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Petrol crisis: Someone has to step down

Updated January 20, 2015


If cronyism has to exist, the least the government can do is keep it in some sort of balance with governance and progress. — AFP
If cronyism has to exist, the least the government can do is keep it in some sort of balance with governance and progress. — AFP

It takes a special breed of people to create situations like these.

The perpetual energy crisis was always there. But with sheer ineptness and commitment to cronyism and tireless efforts at mismanaging priorities and obliging special interest groups, the government of Pakistan has now handed the citizens of Pakistan a petrol crisis as well.

Global oil prices have been in free fall for the last eight weeks. The prices are falling because there is too much supply of oil in the market but not enough buyers. So at a time of excess oil supply and plummeting prices, our government has managed to secure for the people of Pakistan an oil shortage.

Just let that sink in.

I doubt it will though because it makes absolutely no sense, except maybe the special kind of sense which the Ministry of Information possesses.

Know more: Supply-chain breakdown

The crisis is moronic, to say the least, and completely down to the inability of this government to get the simplest things right. What's worse is the magnitude of indifference with which it has been and is being handled.

In any other country, heads should have rolled long ago, people would have been fired or suspended from their jobs for being stupid enough to not see this coming or worse (but true) to have seen it coming but failing to do anything about it.

It isn't hyperbolic to say that the Minister of Petroleum should have been sacked by now. It would have made no difference to the oil supply in the country but it would have at least shown to the people that the government was capable of some kind of remorse.

But that is their problem, isn't it – they truly do not have any remorse for anything they do. It is as if they are perpetually sticking it to the public of Pakistan.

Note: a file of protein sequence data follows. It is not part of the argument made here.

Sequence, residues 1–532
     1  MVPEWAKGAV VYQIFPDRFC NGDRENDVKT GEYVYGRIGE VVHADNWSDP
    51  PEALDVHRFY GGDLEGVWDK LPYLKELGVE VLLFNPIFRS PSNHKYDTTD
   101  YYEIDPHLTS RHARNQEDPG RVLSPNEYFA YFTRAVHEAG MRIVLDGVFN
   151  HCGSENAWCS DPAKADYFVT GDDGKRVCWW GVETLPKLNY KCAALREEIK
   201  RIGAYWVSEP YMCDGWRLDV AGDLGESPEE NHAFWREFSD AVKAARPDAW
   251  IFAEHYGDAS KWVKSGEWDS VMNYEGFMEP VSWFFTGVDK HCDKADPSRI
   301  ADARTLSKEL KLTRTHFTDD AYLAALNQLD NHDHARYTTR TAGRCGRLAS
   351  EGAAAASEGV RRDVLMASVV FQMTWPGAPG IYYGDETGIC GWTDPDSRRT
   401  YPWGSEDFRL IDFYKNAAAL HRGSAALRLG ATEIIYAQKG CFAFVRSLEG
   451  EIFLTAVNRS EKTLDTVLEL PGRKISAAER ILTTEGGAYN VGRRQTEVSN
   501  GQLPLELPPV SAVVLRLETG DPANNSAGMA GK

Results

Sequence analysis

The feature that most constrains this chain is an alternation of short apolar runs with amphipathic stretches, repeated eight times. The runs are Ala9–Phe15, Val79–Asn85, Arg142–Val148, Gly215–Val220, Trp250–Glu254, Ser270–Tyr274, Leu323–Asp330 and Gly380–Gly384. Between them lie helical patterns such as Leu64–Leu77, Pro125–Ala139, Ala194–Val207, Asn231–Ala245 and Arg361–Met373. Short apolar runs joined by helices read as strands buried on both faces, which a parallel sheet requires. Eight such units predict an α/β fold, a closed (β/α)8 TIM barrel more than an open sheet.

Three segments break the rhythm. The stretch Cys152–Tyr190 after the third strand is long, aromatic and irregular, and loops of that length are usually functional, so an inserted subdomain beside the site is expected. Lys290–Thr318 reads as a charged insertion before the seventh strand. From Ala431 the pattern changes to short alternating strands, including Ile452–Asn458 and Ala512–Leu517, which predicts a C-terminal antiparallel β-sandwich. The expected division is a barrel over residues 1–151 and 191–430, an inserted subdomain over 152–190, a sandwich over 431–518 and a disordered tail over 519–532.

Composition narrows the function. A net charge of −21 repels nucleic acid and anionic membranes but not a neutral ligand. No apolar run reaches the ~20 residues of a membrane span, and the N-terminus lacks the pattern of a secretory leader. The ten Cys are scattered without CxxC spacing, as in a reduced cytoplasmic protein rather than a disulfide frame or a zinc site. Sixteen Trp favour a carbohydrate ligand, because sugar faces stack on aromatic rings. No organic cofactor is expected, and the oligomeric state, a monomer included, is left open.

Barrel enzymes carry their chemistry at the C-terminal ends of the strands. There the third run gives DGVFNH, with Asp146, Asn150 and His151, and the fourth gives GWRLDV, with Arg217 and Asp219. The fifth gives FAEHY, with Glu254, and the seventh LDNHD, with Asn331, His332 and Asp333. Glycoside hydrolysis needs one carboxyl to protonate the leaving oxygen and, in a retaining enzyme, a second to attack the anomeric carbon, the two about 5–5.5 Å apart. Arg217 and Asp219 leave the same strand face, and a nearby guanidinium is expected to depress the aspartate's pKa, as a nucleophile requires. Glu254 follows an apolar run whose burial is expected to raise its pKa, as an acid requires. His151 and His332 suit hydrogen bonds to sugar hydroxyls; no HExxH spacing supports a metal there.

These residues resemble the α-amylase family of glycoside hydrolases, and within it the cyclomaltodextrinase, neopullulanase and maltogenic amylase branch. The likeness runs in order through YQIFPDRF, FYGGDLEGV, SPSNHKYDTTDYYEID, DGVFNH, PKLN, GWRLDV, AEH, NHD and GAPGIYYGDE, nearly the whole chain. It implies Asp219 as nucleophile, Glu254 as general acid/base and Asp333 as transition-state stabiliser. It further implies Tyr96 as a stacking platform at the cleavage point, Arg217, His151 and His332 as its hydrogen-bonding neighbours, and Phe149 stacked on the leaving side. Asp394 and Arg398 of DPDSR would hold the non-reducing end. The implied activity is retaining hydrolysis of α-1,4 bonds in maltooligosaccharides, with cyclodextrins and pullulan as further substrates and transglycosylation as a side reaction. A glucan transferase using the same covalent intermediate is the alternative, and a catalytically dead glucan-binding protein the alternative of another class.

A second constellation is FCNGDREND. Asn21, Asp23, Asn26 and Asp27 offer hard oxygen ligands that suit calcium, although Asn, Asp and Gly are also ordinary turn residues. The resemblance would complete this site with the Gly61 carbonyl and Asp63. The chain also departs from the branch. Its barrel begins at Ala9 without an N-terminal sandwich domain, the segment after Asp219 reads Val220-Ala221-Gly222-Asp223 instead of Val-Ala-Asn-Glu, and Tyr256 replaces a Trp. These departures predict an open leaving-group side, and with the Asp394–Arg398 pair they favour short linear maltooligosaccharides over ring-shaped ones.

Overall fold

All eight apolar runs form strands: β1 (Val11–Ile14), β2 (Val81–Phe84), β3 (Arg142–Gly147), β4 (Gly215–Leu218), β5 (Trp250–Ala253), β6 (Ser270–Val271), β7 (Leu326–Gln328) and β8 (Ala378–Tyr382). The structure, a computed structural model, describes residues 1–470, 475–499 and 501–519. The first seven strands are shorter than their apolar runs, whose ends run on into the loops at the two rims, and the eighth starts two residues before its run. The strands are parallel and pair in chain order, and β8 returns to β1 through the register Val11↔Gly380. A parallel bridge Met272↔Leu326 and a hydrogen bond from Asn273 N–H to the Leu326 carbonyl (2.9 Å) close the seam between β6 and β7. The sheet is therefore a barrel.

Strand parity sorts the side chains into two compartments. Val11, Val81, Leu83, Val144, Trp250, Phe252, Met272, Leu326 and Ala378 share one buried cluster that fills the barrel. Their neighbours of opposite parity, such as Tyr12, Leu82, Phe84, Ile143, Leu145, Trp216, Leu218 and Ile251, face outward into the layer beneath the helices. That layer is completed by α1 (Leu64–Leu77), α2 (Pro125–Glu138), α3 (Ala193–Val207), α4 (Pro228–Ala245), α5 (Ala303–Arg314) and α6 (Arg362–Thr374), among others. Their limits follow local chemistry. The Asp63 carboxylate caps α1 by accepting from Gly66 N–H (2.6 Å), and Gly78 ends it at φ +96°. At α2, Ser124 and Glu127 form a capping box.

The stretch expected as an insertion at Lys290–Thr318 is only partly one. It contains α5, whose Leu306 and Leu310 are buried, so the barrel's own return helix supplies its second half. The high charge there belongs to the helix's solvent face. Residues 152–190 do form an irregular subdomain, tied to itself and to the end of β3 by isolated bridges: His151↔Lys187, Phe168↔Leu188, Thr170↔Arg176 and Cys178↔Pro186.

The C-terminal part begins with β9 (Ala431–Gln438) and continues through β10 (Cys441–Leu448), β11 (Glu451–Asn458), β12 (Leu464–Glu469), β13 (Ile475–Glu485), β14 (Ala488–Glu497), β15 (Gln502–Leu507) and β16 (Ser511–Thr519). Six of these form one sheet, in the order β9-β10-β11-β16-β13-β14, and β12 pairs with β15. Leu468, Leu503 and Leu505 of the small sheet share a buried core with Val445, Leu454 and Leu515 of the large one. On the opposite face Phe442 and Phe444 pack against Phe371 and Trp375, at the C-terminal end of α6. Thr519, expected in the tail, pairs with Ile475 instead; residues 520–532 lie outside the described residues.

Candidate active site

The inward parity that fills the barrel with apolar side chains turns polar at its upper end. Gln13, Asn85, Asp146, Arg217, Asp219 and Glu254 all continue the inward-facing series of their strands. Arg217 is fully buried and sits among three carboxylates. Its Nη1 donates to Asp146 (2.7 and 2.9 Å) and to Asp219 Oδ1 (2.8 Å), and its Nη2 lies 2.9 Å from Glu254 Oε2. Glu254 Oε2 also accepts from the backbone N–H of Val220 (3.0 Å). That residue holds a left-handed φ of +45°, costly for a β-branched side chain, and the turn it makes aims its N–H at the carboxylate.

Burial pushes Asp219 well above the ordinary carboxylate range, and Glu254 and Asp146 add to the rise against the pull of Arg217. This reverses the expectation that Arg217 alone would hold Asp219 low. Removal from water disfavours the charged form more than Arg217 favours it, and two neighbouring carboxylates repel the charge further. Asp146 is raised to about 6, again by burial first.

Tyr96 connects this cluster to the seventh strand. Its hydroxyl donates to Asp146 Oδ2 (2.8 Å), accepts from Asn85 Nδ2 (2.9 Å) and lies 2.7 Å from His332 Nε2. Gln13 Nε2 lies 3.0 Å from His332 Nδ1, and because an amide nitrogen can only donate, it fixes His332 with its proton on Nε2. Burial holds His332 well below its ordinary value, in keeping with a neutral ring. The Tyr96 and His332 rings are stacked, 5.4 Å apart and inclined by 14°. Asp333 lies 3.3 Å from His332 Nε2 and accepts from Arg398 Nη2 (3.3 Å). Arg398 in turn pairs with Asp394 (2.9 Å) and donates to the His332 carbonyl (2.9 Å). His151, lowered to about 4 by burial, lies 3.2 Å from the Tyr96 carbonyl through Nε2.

Read the analysis: Fuelling the fire

Well, the people deserve better. What the government doesn't understand is that sooner rather than later, people will start calling for change by hook or by crook. The masses are getting sick and tired of how their votes keep coming back to haunt them.

So, in very real terms, the democratic future of this country is at stake here; and it is the politicians this time who are putting it there.

I realise that cronyism is how the system is designed to work. I hate that fact, but I acknowledge it. Unlike some fellow analysts/writers, I do not live in 'la la land' where everything must either be by the book and meritorious or not be at all. I understand that the business of running countries like ours can get messy and the costs can be high keeping in mind the huge accommodations for special interest groups that need including.

But there are limits to that.

The only way this system sustains itself is by maintaining a balance between cronyist capitalism and progress. Now that balance has been thrown off, and although it is not hurting the government yet, it will hurt the country's already stuttering and stumbling walk to democracy.

See more: Ogra responsible for petrol crisis, PM Nawaz told

The government's indecision and inability to look beyond Islamabad and Lahore is hitting home now, and the gaps in governance are getting wider. If this is how they deal with a self-inflicted crisis, then one can only imagine how they would deal with a real crisis – oh wait, we know how that works too: Remember last month when 140 kids got massacred? Remember what happened after that? Nothing happened because this government simply did not have the guts to do what was needed in order to send a strong message to our enemies.

This government is literally an inch away from having everyone lose their trust in it.

When our kids die, they react by calling up a politicians' grand feast aka All Parties Conference. And when the country runs out of petrol, they take a day off in Islamabad to figure out how to save the ministers who did this to the 190 million people of Pakistan.

I am not worried about this government or their survival, I am worried about people losing faith in the idea of democracy.

This government’s performance has more and more people questioning democracy and its benefits. That is dangerous for Pakistan.

Take a look: Fuelling controversy

In a hashtag nation like ours, where people have attention spans of gold fish, our rulers have always banked on diversion tactics to take the eyes off their star performances. But unfortunately for them, when the system finally breaks, the last hashtag will stay there, and currently that hashtag seems to be #GetPetrolOrFreezeTrying.

So dear government, for the sake of appearances, fire the responsible minister, please. Give him another portfolio in a couple of weeks, because by then, people in this hashtag nation would have forgotten about it.

But at least pretend to be apologetic, at least pretend to care about the common citizen even if to perpetuate your own version of governance if nothing else.